By A Staff Reporter
Kathmandu, May 22: Vice-Chairman of the National Planning Commission (NPC) Prof. Dr. Pushpa Raj Kandel said on Tuesday that the government was treating the private sector as its trusted partner in development and economic growth.
“The country would achieve the growth rate higher than 8 per cent in the next fiscal year 2019/20. We have expected more than 55 per cent investment contribution from the private sector over the period of the 15th Periodic Plan,” he said while addressing the pre-budget discussion on ‘Investment realisation through budgetary reforms’ organised by the Nepal Economic Association (NEA).
He said that the government wanted cooperation from and collaboration with the private sector and included its representatives in the institutions like the National Development Council and the Investment Board of Nepal. Likewise, a Business Advisory Council was established as a mechanism to have dialogues with the private sector.
Dr. Kandel said that Nepal needed the Foreign Direct Investment (FDI) to propel economic growth and assured that the investors would get high rate of returns from the investments they made here.
He also said that the investment from the Non-Resident Nepalis would get priority treatment.
Secretary at the National Natural Resources and Fiscal Commission Dr. Baikuntha Aryal said that the private sector supplements the government investment while the resource gaps were met by the FDI.
“Nepal has poor investment realisation of both the public and private investment. While the average of the FDI realisation is about 30 per cent of the approved amount, the government financing has been mobilised just 35 per cent,” he said.
According to the Financial Comptroller General Office, only 34.92 per cent financing and 41.99 per cent capital budget has been utilised by Monday.
Dr. Aryal said that the States could also sign investment deals with the investors with the approval from the federal government.
“Nepal continues to have poor realisation of the Foreign Direct Investment (FDI) with about 30 percent of the approved investment being realized,” said Prof. Dr. Shivraj Adhikari, Executive Member of NEA.
“FDI inflow depends on openness, integrated policies, incentives, promotion and facilities and liberalization. But the behavior of the state plays a crucial role and can be a major determinant at times superseding the policy regime,” he said. According to him, there is a mismatch between the priority of the government and foreign investors with the former giving importance to agriculture, energy, tourism and infrastructure, and the latter to energy, tourism, service and manufacturing. But the FDI realization rate is high in agriculture compared to energy, service and manufacturing. Agriculture, tourism, minerals and manufacturing are the sectors that recorded the higher FDI realization rate with 57.7 percent 41.4 percent, 31.8 percent and 28 percent.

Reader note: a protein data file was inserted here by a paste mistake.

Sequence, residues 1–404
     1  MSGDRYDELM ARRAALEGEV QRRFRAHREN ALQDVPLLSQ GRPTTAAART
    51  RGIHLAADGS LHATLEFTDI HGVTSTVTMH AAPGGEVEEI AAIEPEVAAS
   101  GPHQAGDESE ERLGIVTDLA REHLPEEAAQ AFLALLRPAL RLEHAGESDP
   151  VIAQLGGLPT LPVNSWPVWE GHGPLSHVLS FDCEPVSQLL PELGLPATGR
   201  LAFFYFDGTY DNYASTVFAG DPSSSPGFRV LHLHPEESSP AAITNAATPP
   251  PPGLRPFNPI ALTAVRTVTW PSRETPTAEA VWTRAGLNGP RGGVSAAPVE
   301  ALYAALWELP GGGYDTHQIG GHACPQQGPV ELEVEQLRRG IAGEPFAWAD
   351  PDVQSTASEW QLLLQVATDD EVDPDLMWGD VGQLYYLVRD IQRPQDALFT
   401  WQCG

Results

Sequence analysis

Foreign investors from 39 countries have made investment in 252 firms in Nepal of which 29 are large industries. Prof. Adhikari said that Nepal received the least intra-regional investment. About 90 percent FDI goes to India and the larger chunk of remaining goes to Bangladesh and Pakistan. Former Finance Minister Shankar Prasad Koirala suggested the government to focus on facilitating the private sector, which is expected to make two-thirds of national investment, with reforms in laws, process and activities. He said that by organizing an investment summit, the communist government had sent a positive message to the foreign investors globally and the creation of new investment friendly legal instruments like the Public Private Partnership and Investment Act, SEZ Act and Foreign Investment and Technology Transfer Act had helped in attracting more foreign investment.
Ramesh Poudel, Visiting Fellow of Australian National University, said that Nepal’s competitive advantage must be improved in order to attract FDI. “Until and unless we produce cheaper products as compared to our regional peers, we can’t improve the FDI and export trade,” he said. He suggested to sell what the country had rather than putting efforts in creating new things that it doesn’t have.